We can't pass judgement on the 2014-2015 Houston Rockets season until the playoffs. Rockets supporters are pleased with a third place ranking, a healthy 43-20 record and the bearded guy who deserves the MVP trophy.
As the Rockets continue to grind out wins and elbow for playoff position, here are four bullets the Houston Rockets dodged, each of which could have dramatically altered their season.
Signing Parsons Instead of Ariza
Chandler Parsons is doing good things. Several interpretations of several versions of the Parsons-subscribed "bro code" keep Houston fans from hating on the part-time model. But it's still an extraordinary fact Parsons is the highest-paid player on an NBA team.
As the 2014-2015 season progresses it's clear the Rockets needed Ariza's defensive presence more than Parsons' slashing. Ariza regularly picks up the trickiest defensive assignment, bombs three from the corner and barks up at Timofey Mozgov.
Parsons' most vital role on the Rockets was to keep the offense moving when James Harden was off the court or putting forward a sub-par performance. That role now falls to the Rockets' bench, rendering Parsons officially replaced.
The biggest upside to signing Ariza and dropping Parsons is the money. Parsons is getting over $15 million a year to the tune of three years and $46 million. By comparison, Ariza is bringing in $32 million over four years. That's value and cap flexibility.
Signing Chris Bosh
This is a tough call to make. More important than power rankings or playoff seeding is Chris Bosh getting healthy and an opportunity to return to the court. There was no way to know blood clots in Bosh's lungs would end his season and threaten his career.
The Rockets dodged a debilitating season-ending injury combo here. Dwight Howard's "no timetable" timetable coupled with a Chris Bosh injury would have left a "Big Three Rockets" with a single leg: Harden. True, that's partially what the Rockets deal with now. But they're currently constructed to be a James Harden-led attack.
Having Bosh would consume a max contract, leave the Rockets with less cap flexibility and a heightened level of uncertainty about the coming years. Chris Bosh would look great in a Rockets jersey, but the question now appears to be "how often would he have been in one?"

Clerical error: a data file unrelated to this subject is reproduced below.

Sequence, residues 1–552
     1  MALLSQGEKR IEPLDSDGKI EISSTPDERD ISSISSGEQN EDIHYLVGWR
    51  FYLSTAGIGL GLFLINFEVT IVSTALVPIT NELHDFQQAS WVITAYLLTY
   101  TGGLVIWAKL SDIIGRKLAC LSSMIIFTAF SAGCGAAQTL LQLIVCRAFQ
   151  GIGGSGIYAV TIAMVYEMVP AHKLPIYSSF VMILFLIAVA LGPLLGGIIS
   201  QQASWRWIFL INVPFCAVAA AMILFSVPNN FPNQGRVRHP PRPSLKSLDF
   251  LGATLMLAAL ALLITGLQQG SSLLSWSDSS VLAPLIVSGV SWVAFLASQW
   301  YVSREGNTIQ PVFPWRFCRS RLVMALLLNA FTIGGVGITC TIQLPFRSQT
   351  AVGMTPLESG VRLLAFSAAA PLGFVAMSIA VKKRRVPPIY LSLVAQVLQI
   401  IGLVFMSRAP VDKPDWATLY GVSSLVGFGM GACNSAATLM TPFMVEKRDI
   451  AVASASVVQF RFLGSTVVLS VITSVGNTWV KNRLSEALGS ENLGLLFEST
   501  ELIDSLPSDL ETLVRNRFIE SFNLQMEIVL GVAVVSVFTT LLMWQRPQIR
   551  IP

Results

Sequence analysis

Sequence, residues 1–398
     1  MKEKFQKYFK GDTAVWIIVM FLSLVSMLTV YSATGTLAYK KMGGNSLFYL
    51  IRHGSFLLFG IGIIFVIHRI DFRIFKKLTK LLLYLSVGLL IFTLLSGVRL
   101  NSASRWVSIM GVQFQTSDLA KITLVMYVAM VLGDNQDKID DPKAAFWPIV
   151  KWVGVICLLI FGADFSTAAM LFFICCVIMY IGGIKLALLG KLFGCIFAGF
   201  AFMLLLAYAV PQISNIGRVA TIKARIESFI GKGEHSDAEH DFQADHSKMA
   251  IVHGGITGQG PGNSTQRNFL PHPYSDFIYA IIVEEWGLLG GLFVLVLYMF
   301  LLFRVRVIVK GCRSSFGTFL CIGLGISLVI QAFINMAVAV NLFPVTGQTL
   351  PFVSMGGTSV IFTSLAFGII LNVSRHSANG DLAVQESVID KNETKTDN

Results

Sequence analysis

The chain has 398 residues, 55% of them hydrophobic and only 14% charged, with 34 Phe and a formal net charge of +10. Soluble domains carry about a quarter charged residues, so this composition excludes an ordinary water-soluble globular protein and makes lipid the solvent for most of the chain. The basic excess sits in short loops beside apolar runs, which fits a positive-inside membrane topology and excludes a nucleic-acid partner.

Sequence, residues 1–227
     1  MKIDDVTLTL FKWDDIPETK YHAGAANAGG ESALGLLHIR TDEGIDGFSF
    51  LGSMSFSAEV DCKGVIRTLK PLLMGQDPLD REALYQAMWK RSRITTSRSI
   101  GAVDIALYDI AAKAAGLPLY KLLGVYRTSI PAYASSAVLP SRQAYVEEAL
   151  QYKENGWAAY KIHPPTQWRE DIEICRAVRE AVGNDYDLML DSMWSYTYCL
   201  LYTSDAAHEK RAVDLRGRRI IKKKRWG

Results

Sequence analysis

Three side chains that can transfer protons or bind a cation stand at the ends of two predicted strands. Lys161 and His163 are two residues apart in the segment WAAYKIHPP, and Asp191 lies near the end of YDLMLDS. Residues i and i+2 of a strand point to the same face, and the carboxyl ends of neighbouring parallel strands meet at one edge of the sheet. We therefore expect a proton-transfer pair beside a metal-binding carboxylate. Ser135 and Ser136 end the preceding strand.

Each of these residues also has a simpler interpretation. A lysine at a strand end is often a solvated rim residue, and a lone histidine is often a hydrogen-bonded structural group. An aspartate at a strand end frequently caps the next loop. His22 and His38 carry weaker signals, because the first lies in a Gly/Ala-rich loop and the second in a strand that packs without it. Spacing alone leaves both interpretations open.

Trading for Rajon Rondo
When the entire league calls a player "mercurial," it's traditionally the polite way of saying there's brilliance behind an unreachable wall of defiance. That's Rajon Rondo.
The Mavericks traded for Rondo in December. They've now seen their monthly offensive production drop by more than 10 points a game while their shooting percentage has fallen off a cliff. It was highly expected Rondo woudl rebound after spending a few lackadaisical years with the Celtics mired in frustration. The talent, energy and ferocity could be flipped back on as son as a new environment inspired him. Turns out, not so much. Like at all.
Turns out trading for Rondo wasn't the expected sure thing. Not what you want to hear when the cost was your entire bench and draft picks for a potential rental. The Rockets spent nothing. Gained nothing. Lost nothing.
Using The 2014 Bench
Daryl Morey did Daryl Morey things and it's proving vital to the Rockets success. Morey's attempt to cobble together a bench before the season proved untenable quickly: Kostas Papanikolaou, Francisco Garcia, Troy Daniels, Isaiah Canaan and Tarik Black.
Standing firm on that bench would have left the Rockets even more reliant on the over-worked James Harden.
Now the Rockets are more playoff ready with Josh Smith and Corey Brewer. The loss of Dwight Howard hasn't debilitated the Rockets because of the bench moves. Even more positive, the Rockets still have a few pieces we don't understand, but could be positive contributors in Pablo Prigioni and K.J. McDaniels.
Morey deserves praise for moving pieces that didn't work. Alexey Shved was justly brought in and shipped out. Canaan and Daniels proved talented but didn't fit the Rockets system.